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In re Estate of Baker

Supreme Court of Alaska

December 30, 2016

In the Matter of the Estate of ALVA MARIE BAKER.

         Appeal from the Superior Court of the State of Alaska, Third Judicial District, Anchorage, Catherine M. Easter, Judge. Superior Court No. 3 AN-14-00397 PR

          Stuart C. Rader, Ingaldson Fitzgerald, P.C., Anchorage, for Appellants.

          David D. Clark, Law Office of David Clark, Anchorage, for Appellee.

          Before: Stowers, Chief Justice, Winfree, and Bolger, Justices. [Fabe and Maassen, Justices, not participating.]

          OPINION

          STOWERS, Chief Justice.

         I. INTRODUCTION

         Alaska Statute 13.12.502(b) provides that a testamentary instrument will be "valid as a holographic will, whether or not witnessed, if the signature and material portions of the document are in the testator's handwriting." Before us is a purported holographic will, written totally in the decedent's handwriting, with instructions to distribute the decedent's estate at death. The sole question on appeal is whether the decedent's handwritten name at the beginning of the document is a "signature" as contemplated by AS 13.12.502(b). This is an issue of first impression in our state, and we agree with the superior court's conclusion that a testator's handwritten name in the exordium clause[1] of a purported holographic will is sufficient to satisfy the signature requirement in AS 13.12.502(b) unless the instrument is otherwise incomplete.

         II. FACTS AND PROCEEDINGS

         In January 2010 Alva Marie Baker handwrote a purported will. The instrument, as closely as possible, is reproduced below [sic throughout]:

Jan 10/2010
Jan 10/2010
My name is Alva Marie Baker -
My "will" when I pass on is to go as follows!
(1) My home goes to my daughter Connie Marie Sumrall
(2) Any vehicles or vehicle! I own upon death goes to Connie Sumrall
(3) All "tools" and "furniture" of any kind goes to Connie Sumrall
(4) All funds held in a checking account goes to Connie Sumrall at Northrim Bank[2]
(5) All funds in saving accounts goes to Connie Sumrall
(6) Any Insurance I may have goes to Connie Sumrall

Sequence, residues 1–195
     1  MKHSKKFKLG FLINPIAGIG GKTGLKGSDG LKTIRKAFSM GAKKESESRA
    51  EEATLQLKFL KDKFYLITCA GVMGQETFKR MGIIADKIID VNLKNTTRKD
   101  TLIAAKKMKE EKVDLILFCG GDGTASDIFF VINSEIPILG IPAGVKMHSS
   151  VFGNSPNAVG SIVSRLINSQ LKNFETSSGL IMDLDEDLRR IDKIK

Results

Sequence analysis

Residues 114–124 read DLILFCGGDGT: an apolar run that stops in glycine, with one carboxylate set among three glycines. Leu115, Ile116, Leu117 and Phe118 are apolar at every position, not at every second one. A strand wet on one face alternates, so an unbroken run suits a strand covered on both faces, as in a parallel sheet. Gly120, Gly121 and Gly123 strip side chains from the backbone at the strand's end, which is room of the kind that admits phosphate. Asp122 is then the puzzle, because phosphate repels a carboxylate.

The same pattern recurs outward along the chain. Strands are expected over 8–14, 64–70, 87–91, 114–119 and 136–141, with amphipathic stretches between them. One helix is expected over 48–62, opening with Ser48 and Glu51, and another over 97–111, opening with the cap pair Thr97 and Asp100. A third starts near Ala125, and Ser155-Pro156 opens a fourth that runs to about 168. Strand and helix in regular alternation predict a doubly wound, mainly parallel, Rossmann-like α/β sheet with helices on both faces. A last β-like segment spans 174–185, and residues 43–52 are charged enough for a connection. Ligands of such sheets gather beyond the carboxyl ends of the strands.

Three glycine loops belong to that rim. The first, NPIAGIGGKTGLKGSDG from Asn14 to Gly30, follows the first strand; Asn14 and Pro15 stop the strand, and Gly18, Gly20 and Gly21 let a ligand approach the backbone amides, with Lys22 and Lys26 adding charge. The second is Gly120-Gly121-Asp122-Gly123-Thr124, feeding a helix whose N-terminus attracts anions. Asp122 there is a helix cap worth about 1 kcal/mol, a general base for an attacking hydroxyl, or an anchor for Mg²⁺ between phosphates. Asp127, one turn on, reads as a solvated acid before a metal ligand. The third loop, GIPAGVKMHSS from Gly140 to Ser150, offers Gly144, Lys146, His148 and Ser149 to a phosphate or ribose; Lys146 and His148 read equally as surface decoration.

(7) Any Jewerly I may have upon death goes to my daughter Connie Sumrall
(8) All pictures I have upon my death given to me by "Connie my grandchildren gave me, can go back to the "giver ! ! "I can not take them with me ! !
(9) All "old" furniture can go to Connie, if she wants them if not, let the grand children "pick" some - please do not fight over anything !
(10) Money I have M "Key Bank Eagle River, AK) Equal divided
Will be divided to (Equal) my 7 grand kids -
The grand kids that have passed away, if they have a child it will go to (there child or divided between their kids)

         Baker died in November 2013. In February 2014 Baker's daughter, Connie Marie Sumrall, filed a petition for adjudication of testacy and formal probate of the instrument. That petition was opposed by Seth Whaley and Jessica Milwicz, two of Baker's grandchildren.

         Sumrall moved for partial summary judgment, arguing that the document was a valid holographic will per AS 13.12.502(b) because it was written in Baker's hand and signed by Baker. Whaley and Milwicz opposed that motion arguing that there were genuine issues of material fact as to, among other things, whether the handwriting on the will was Baker's, whether there was testamentary intent, and whether there were issues of incapacity or undue influence. The superior court denied Sumrall's motion for partial summary judgment, ruling that an evidentiary hearing would be necessary "to determine . . . whether the identification of Ms. Baker constitutes a signature as contemplated by [the holographic will statute]."